A writing workshop with Jill Swenson convinced me that if I wanted to add information and color to a memoir I’ve been working on, I’d be wise to interview people.
“Hmm,” said I to myself. (I spend a lot of time talking to myself. This time the conversation that proved fruitful.) “Call Karen!”
Karen and I go back 65 years. Now that’s a long time and yet, despite the fact that we haven’t seen each other for years, the spark of our old friendship reignited a camaraderie that I didn’t know I missed.
I’d told her that I wanted to talk about the toys and games we had and that, of course, led to not just a list but to warm memories of what we did with them.
“Do you remember riding no-handed on our bikes? I used to stand on the seat with my arms extended.”
Now I never thought of Karen as a dare-devil. In fact, she was always (to my mind, anyway) the safe, calm, pragmatic one. It was Karen who, on our first solo foray sans moms into downtown Minneapolis at age 11, bought socks. Me? I bought a black and white poke-dot headband with a bow.
Not only did I not recall doing such a thing, I never would have had the guts. The idea of Karen risking life and limb on her blue Schwinn? Unheard of! We reminisced about how furious Joey became every time one of us won his prize marbles. Summers sweltering under wool Army blankets that our moms helped us stretch over clotheslines, reading book after book that we checked out from our local library. And this, of course, led to memories of the yellow, lined cards in their little envelopes, glued with precision to the back of each book. We’d take a 3″ pencil from a wooden box, fill in our names and the date, and proudly present these to the librarian who made us feel special when she had time to chat with us about our choices. (The Sue Barton series was among my favorites, until Sue fell in love with a doctor. Yuck!)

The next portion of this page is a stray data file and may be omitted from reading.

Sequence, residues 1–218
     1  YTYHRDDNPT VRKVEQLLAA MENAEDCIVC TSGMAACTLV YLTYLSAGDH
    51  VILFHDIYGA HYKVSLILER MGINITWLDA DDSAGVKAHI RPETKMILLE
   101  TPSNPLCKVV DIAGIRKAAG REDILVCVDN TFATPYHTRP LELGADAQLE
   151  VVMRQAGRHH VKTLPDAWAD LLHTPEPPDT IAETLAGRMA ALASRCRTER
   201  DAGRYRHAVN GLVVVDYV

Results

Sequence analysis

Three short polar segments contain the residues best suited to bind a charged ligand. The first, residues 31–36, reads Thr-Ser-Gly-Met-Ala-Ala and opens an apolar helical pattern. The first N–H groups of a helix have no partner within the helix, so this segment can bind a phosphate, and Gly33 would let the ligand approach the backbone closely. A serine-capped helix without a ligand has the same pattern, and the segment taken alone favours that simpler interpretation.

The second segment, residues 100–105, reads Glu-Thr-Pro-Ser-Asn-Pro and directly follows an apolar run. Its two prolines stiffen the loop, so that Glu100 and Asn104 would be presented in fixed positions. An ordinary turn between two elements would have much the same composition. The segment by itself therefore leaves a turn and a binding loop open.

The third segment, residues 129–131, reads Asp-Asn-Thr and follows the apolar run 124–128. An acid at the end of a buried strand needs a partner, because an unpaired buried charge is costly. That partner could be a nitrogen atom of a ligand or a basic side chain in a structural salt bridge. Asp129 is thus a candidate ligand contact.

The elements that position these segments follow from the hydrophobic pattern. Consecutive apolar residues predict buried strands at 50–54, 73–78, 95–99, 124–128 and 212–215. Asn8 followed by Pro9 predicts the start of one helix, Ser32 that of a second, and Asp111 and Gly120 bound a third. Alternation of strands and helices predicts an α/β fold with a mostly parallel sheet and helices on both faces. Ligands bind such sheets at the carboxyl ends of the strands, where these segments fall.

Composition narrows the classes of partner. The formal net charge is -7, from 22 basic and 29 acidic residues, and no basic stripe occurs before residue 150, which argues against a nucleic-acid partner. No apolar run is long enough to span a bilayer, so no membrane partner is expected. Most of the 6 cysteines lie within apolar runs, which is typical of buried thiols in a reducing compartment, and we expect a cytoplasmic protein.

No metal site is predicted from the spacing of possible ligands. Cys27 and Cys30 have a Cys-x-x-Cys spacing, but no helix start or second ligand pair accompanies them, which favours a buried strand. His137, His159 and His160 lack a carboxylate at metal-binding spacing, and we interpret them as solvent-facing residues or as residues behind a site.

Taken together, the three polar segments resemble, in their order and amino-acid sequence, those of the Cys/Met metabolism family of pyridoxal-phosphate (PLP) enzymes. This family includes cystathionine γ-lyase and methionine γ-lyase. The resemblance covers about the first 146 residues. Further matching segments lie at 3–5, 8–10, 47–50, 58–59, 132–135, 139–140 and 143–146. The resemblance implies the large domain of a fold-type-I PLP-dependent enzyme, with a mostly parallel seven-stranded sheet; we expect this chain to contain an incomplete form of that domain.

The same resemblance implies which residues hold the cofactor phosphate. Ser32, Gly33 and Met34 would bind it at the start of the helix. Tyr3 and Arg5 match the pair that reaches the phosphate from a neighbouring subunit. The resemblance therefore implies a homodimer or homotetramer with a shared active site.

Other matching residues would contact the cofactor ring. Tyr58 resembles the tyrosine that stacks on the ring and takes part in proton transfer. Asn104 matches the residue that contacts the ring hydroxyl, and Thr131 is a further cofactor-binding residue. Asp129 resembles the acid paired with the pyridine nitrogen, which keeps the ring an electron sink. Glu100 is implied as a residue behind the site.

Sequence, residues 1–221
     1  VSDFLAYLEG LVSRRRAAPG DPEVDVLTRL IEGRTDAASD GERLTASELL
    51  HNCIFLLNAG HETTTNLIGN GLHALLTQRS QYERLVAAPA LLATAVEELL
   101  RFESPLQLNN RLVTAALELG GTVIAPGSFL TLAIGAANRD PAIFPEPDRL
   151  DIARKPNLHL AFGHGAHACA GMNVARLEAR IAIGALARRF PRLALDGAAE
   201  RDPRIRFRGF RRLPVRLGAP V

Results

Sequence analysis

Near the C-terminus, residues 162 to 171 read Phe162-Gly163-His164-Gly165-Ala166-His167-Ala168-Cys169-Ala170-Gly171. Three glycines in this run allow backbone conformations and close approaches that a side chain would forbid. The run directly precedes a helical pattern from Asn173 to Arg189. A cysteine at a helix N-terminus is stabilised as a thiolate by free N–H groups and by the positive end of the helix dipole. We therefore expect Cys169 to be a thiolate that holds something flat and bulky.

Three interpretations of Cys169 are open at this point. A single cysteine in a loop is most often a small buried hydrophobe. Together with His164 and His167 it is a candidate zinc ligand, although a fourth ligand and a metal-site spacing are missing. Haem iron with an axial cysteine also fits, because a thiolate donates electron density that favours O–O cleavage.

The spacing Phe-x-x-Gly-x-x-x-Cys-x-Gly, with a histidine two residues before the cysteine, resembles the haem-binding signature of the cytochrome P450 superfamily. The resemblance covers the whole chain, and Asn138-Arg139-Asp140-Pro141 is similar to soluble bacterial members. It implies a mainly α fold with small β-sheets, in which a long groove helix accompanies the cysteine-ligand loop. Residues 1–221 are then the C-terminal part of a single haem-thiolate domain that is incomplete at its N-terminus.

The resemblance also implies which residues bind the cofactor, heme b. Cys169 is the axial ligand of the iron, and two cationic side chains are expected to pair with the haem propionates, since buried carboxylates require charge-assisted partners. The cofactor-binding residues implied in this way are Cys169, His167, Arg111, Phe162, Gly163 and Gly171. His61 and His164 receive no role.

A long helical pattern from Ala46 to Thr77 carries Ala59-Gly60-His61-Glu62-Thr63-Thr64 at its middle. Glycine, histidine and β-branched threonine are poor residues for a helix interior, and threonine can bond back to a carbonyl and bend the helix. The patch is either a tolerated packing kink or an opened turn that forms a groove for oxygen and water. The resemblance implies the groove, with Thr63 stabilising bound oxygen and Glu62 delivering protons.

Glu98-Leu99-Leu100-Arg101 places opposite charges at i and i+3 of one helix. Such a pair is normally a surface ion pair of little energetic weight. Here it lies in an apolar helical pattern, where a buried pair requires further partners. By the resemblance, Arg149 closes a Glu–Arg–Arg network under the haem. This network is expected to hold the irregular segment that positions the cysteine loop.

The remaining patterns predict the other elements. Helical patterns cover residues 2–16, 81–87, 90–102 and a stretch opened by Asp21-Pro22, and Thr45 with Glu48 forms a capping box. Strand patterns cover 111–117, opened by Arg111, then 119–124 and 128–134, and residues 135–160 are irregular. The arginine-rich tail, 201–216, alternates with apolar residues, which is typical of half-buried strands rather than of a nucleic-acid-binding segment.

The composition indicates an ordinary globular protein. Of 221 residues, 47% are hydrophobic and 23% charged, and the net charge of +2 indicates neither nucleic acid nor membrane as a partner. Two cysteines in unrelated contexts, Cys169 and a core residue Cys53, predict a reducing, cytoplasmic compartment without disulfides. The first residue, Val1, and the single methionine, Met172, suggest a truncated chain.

How I lusted over the Karen’s stilts! Always the smallest among any group of my peers, here was my chance to gaze at the world from heights unimagined! The stilts must have raised me all of six inches off the ground but they felt like six feet.
Pick-up baseball games in the field behind Karen’s house. (“Come home when the arc lights come on,” mothers told us.) Peeling each other’s sunburns. Arguing over which of our neighborhood park’s kiddy pools was deeper. We watched mosquitoes bite us, fill with blood, then squash ’em. (We girls in the mid-50s were discouraged from being violent. This no doubt was our answer to an unwanted pacifist life.)
Pardon the cliche, but oh my — I’m flooded with memories.
But best of all was to find out that one of my mother’s neighborhood contemporaries is still alive and still sharp. She’s 98 now, which leaves me little time to pump her memories of the old neighborhood. Karen and I plan to visit her soon. I can’t wait.